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13. BECOME A PIRATE
Newquay’s Pirate’s Quest takes you on a swashbucklin’ voyage through Cornwall’s pirating past. Come face to face with smugglers, mermaids, and real live buccaneers (as opposed to dead ones). The storyline will see visitors transported back over 300 years to the dawn of The Republic of Pirates.
The hour-long walk-through experience will see a pirate help you escape a shipwreck, then lead you through the mystical caves and murky streets of 18th century Cornwall to the crew’s recruitment base, Blackbeard’s Tavern.Eventually you’ll arrive at the Captain’s Ship, ready to set sail to an exotic Caribbean island and The Republic of Pirates.
14. EXPLORE THE PACIFIC ISLANDS
Be inspired by heroic voyages of exploration like Captain Bligh’s HMS Bounty at the National Maritime Museum Cornwall, Falmouth. Join the crew of HMSAdventure to explore the Pacific Islands in our brand-new Play Zone. Plus, live performance, storytelling and new activities every week.
15. GO SHOPPING
There’s nothing better than a bit of retail therapy to improve your mood if the sun has disappeared and the umbrella is up. Truro is the king of independent shops but how about the money you can save at places like Pool Market and Par’s Cornish Market World (a taste of the real Cornwall most visitors don’t see). And no visit to Cornwall is complete without a visit to the famous Trago Mills, a retail world unto itself.
16. HAVE AN ICE CREAM
As well as savouring their fantastic range of flavours, visit Roskilly’s at St Keverne for a trip round the farm, meet the animals, see the work in the gallery and enjoy a meal in the Croust House restaurant. Or how about Jelbert’s in Newlyn which only serves its famous vanilla flavour and Mr B’s parlour in Hayle, which has recently gone on the market.
17. HAVE A PINT OF CIDER
Hidden between Truro and Newquay is Healey’s Cornish Cyder Farm, home of the famous Rattler. But this is much more than a brewery. There’s a fascinating visitor’s centre, a tea room, restaurant, farm animals and a tour. Plus in September it hosts the Little Orchard music festival. There’s enough here for the kids to make it a must-visit for non cider quaffers too.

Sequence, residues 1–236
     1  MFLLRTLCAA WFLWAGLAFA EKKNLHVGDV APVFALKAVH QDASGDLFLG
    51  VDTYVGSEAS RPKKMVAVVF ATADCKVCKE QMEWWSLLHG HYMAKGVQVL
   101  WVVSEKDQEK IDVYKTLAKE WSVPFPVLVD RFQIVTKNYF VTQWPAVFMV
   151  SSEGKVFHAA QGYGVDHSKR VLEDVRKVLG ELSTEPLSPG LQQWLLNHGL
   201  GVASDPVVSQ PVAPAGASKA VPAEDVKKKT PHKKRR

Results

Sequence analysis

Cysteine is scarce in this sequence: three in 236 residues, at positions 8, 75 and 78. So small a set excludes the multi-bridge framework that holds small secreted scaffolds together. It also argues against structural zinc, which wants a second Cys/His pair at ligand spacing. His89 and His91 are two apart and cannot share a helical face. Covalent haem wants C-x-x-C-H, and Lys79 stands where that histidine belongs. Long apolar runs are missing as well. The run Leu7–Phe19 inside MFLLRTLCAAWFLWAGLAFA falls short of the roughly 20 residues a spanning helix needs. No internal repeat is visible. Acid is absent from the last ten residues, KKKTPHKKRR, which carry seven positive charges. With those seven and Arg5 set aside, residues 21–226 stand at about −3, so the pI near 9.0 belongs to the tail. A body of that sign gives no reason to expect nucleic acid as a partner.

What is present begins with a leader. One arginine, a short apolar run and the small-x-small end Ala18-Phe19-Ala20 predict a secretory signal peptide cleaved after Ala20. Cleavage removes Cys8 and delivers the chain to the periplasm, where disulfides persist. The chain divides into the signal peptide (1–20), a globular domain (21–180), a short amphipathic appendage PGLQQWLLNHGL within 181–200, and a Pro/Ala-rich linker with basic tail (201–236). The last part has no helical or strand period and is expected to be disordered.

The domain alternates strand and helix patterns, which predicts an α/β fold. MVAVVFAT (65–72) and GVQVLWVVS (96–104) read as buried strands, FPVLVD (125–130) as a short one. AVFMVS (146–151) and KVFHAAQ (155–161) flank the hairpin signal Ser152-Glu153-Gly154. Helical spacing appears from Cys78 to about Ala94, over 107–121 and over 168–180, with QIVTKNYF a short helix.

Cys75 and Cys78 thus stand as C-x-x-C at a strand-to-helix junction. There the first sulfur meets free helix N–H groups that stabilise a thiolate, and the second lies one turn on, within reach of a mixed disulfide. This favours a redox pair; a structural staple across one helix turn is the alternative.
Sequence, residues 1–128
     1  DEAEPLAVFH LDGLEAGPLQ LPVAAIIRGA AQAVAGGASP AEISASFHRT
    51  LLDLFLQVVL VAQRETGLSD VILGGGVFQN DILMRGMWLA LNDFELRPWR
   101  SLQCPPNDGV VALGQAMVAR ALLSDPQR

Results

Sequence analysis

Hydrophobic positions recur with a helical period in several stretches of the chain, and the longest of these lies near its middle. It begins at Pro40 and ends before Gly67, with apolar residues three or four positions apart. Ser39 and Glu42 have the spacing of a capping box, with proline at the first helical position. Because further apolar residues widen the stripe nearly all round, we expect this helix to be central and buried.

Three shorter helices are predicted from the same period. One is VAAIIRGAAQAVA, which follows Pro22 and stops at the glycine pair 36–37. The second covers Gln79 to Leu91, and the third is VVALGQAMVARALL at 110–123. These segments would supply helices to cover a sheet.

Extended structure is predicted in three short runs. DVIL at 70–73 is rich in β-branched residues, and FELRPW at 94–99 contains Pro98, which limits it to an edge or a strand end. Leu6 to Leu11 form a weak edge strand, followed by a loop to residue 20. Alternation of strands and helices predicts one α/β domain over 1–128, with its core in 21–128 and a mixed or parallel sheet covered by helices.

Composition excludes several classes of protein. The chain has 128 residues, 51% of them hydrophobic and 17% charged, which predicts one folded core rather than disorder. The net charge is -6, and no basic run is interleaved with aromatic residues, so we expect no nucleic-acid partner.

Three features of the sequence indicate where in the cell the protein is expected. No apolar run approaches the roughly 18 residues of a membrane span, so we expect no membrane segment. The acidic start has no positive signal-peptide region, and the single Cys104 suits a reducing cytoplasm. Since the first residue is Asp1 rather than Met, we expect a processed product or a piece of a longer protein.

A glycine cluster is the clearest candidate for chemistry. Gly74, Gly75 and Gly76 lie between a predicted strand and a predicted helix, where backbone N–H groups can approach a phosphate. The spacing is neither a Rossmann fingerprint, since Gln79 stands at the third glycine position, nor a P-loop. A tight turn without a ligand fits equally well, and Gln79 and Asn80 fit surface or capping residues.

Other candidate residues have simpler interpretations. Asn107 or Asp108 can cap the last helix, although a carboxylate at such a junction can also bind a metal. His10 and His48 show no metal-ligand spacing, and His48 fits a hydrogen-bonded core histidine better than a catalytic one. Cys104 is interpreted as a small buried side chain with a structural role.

18. SCREAM YOUR HEART OUT ON A ZIPWIRE
The zip at Adrenalin Quarry is the UK’s maddest zip wire – 490m long, 50m high and reaching speeds of 40mph. Twin parallel wires cross the flooded depths of the old quarry, sheer cliffs rise on either side. The site at Menheniot, near Liskeard, also features a giant swing 160ft above the lake which leaves you momentarily weightless. Definitely one for adrenalin junkies. And don’t forget the zipwire and giant swing at the Eden Project too.
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19. PLAY IT SAFE IN A SOFT PLAY AREA
If you’re wimpier or, indeed, a young child you may prefer somewhere like Raze The Roof in Penryn. Kids love to play in the mega play frame, slides, climbing wall, ball cannons, astro glide and tiny tots explore too, in their own safe space. Laser tag your friends in a high tech game of hide and seek with your own laser phaser while adults can enjoy a refreshing cup of coffee and bite to eat in the cafe.
20. RELAX ON A BRANCH LINE
There is no better way to spy the beauty of Cornwall than on one of the branch line railway trips – Looe Valley, Maritime Line (Truro to Falmouth), Atlantic Coast (Newquay to Par) and St Ives Bay. The latter is particularly good as you arrive right next to the gorgeous Porthminster Beach Cafe.
21. DISCOVER CORNWALL’S VIBRANT ART SCENE
West Cornwall in particular is famous for its art and on every street corner you’re likely to find an art gallery. This summer why not visit the contemporary, often challenging, always fascinating confines of St Ives’ Anima Mundi or the town’s Porthmeor for a free Tate project revolving around digital art for 15 to 25-year-olds.
22. LET A WORLD-RENOWNED CHEF COOK FOR YOU
Cornwall is famous the world over these days for the quality of its restaurants. Such big-name chefs as Rick Stein, Nathan Outlaw and Paul Ainsworth have amazing restaurants in north Cornwall. I would certainly recommend Paul’s No 6 in the heart of Padstow – adventurous cooking, sublime flavours and affordable.
23. DISCOVER CORNWALL’S OTHER RESTAURANTS
It’s not all about the big names though – how about Ben’s Cornish Kitchen in Marazion, The Wheelhouse and Oliver’s in Falmouth and even Mannings in the heart of Truro which recently gained a glowing review from The Guardian’s Jay Rayner.
24. PRETEND TO BE A CORNISH MINER